Does IRS tax your Social Security income?
When it comes to tax season with its barrage of mind-boggling forms and detailed calculations, getting your personal finances in order can feel like a herculean task, especially if you’re not quite sure of the rules.
If you receive Social Security benefits from the government, for example, that money is subject to taxes. The amount you have to pay varies based on income and whether you are filing a joint or individual return.
To walk you through the process, here’s a guide to the formula used by the IRS to determine just how much you’ll owe on your benefits:
Is Social Security taxable?
Yes. The rules of the Internal Revenue Service dictate that many who receive Social Security benefits will have to pay an income tax on that money.
The amount you pay is determined by a calculation that involves what the IRS dubs “combined income.”
Combined income is adjusted gross income plus nontaxable interest plus half of your Social Security benefits.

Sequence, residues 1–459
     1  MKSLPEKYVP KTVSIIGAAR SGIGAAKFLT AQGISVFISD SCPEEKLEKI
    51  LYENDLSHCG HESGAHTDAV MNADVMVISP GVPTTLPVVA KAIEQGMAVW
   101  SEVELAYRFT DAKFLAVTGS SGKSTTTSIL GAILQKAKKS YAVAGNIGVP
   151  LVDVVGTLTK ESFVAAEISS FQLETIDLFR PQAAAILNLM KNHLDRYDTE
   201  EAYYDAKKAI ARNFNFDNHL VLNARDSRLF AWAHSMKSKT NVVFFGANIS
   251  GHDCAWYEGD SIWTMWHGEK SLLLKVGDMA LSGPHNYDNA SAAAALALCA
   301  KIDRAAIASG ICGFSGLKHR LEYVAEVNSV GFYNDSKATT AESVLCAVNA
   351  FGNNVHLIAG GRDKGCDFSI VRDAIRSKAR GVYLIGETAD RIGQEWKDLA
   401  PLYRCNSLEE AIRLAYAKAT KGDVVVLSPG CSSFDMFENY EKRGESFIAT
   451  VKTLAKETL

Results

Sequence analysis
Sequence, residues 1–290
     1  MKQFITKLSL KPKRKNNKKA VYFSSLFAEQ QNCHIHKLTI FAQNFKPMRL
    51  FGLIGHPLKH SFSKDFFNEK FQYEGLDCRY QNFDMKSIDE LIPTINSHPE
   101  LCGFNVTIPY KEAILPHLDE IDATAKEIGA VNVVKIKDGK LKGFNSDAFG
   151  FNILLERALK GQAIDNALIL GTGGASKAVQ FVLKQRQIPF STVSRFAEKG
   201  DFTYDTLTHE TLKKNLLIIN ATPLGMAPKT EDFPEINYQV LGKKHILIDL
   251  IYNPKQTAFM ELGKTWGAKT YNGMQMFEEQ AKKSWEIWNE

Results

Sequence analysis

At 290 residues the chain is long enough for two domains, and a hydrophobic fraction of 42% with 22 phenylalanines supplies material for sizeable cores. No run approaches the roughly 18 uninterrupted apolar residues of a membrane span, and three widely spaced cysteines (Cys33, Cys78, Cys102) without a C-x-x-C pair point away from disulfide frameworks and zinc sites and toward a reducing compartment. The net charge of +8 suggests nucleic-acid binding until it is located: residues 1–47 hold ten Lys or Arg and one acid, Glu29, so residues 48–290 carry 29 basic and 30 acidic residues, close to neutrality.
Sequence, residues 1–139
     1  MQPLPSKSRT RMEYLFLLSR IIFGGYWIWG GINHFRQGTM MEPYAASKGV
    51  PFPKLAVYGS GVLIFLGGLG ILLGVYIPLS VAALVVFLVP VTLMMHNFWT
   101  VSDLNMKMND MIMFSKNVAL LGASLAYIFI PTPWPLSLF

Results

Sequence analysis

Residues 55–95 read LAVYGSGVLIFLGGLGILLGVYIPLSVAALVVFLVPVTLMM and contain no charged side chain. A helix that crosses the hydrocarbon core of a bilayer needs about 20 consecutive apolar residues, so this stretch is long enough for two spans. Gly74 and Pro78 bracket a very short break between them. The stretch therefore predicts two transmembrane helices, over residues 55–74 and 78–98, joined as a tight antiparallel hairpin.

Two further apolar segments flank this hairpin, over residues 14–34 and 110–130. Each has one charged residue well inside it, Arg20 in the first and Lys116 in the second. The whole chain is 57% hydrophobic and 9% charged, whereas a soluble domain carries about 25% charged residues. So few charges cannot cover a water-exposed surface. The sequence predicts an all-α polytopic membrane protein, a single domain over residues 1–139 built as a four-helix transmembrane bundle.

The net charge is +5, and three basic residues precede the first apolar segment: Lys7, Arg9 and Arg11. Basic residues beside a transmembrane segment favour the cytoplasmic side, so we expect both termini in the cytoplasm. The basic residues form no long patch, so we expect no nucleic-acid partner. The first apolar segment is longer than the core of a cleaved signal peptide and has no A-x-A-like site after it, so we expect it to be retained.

Up to 85% of your Social Security benefits are taxable if:
You file a federal tax return as an “individual” and your combined income is more than $34,000.
You file a joint return, and you and your spouse have a combined income of more than $44,000.
Up to 50% of your Social Security benefits are taxable if:
You file a federal tax return as an “individual” and your combined income is between $25,000 and $34,000.
You file a joint return, and you and your spouse have a combined income between $32,000 and $44,000.
How can I get my SSA-1099?
To help you figure how much you received in benefits over the course of the year, the Social Security Administration should send you a form in January. This is your Social Security Benefit Statement, or SSA-1099, and can be used to figure out how much you owe when you are filing your federal tax return.
For all those who receive benefits, the SSA-1099 should be mailed to you automatically. If you do not receive it, a printable version should be available online after you create a “my Social Security” account.